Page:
1 - 6 of 6 Chapters
[Interest in user experience (UX) became apparent in the mid-1990s when its advocates proposed that the design and evaluation of digital technology should be extended beyond the purely instrumental to include the broader range of experiences which it offers.]
[This chapter discusses our involvement with digital products. Donald Norman tells us that he coined the term “user experience” (UX) to refer to “all aspects of the end-user’s interaction with the company, its services, and its products” (NNG website, nd).]
[This chapter extends the theme of involvement with technology which we introduced in Chaps. 1 and 2 and discusses some of the consequences of living “up close and personal” with technology.]
[This chapter discusses our affective relationships with digital technology. These are regarded by some to be most important aspect of any experience and have been described as, “the most central and pervasive aspects of human experience” (Ortony et al. 1988, p. 3). Despite this, affect barely...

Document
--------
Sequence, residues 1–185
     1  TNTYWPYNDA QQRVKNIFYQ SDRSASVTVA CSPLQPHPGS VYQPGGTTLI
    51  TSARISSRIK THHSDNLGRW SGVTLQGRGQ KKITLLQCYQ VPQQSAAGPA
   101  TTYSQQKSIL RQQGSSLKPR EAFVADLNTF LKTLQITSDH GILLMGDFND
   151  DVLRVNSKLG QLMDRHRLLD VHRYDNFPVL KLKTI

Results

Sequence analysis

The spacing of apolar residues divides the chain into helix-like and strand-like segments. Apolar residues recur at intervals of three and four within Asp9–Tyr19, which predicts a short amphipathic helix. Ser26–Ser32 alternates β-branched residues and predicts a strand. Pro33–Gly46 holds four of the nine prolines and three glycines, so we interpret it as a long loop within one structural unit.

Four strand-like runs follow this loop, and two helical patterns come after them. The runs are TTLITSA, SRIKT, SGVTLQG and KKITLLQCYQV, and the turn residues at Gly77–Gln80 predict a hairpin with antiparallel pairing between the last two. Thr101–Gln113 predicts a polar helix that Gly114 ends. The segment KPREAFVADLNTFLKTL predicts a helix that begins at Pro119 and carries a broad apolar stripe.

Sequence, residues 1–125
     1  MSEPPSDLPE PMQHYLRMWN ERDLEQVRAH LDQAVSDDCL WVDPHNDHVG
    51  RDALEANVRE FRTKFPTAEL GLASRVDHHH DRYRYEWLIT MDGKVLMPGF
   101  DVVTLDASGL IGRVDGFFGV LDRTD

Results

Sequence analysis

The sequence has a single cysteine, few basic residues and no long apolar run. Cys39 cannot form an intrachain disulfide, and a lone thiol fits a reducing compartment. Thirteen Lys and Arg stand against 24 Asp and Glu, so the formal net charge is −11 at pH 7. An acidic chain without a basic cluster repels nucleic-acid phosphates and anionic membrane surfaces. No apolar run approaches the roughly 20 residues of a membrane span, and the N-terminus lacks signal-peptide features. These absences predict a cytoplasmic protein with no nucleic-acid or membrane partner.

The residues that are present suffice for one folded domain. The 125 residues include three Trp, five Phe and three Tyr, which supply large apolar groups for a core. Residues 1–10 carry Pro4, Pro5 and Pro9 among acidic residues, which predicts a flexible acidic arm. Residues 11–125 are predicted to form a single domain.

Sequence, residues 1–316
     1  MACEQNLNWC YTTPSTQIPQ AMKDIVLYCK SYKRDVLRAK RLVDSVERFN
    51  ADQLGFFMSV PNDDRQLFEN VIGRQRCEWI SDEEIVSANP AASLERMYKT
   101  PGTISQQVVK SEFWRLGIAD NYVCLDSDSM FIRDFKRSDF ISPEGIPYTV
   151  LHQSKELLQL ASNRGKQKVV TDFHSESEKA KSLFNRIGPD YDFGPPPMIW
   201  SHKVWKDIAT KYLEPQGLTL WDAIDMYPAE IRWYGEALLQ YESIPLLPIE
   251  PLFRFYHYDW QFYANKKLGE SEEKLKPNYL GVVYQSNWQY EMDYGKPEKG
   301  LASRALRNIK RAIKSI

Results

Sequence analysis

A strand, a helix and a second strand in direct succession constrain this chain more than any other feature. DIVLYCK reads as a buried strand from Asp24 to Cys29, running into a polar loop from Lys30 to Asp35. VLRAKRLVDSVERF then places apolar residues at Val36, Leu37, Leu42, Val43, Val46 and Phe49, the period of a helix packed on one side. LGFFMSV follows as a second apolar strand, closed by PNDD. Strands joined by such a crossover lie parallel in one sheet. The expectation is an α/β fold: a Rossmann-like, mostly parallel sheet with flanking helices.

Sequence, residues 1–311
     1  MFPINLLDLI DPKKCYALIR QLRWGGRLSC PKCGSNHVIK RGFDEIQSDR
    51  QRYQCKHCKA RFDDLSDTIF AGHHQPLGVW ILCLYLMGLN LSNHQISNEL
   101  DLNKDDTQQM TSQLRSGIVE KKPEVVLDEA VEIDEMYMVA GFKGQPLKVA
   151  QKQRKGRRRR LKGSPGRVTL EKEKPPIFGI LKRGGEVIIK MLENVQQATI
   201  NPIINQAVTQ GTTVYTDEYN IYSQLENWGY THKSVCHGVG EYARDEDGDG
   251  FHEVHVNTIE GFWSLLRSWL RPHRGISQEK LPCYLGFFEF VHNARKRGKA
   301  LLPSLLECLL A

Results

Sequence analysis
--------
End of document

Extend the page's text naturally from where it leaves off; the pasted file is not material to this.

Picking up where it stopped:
[This chapter is concerned with our aesthetic experience of digital products. This is the third component of our account of user experience but unlike the other two elements (involvement and affect), there is no readily available psychology of aesthetics to draw upon.]
[This book has presented a psychology of user experience and in doing so we have adopted a philosophical perspective to frame at least some of the ways in which we interact or use or otherwise employ digital products.]
Read and print from thousands of top scholarly journals.
Continue with Facebook
Sign up with Google
Log in with Microsoft
Already have an account? Log in
Bookmark this article. You can see your Bookmarks on your DeepDyve Library.
To save an article, log in first, or sign up for a DeepDyve account if you don’t already have one.
Sign Up Log In
To subscribe to email alerts, please log in first, or sign up for a DeepDyve account if you don’t already have one.
To get new article updates from a journal on your personalized homepage, please log in first, or sign up for a DeepDyve account if you don’t already have one.